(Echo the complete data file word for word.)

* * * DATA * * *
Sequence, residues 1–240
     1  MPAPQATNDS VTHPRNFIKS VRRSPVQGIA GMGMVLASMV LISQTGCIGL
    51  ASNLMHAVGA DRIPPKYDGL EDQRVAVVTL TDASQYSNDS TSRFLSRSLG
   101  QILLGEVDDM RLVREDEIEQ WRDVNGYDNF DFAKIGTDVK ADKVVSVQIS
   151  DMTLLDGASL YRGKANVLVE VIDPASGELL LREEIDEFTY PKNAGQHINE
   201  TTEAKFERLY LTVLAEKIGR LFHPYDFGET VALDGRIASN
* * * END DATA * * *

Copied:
Sequence, residues 1–240
     1  MPAPQATNDS VTHPRNFIKS VRRSPVQGIA GMGMVLASMV LISQTGCIGL
    51  ASNLMHAVGA DRIPPKYDGL EDQRVAVVTL TDASQYSNDS TSRFLSRSLG
   101  QILLGEVDDM RLVREDEIEQ WRDVNGYDNF DFAKIGTDVK ADKVVSVQIS
   151  DMTLLDGASL YRGKANVLVE VIDPASGELL LREEIDEFTY PKNAGQHINE
   201  TTEAKFERLY LTVLAEKIGR LFHPYDFGET VALDGRIASN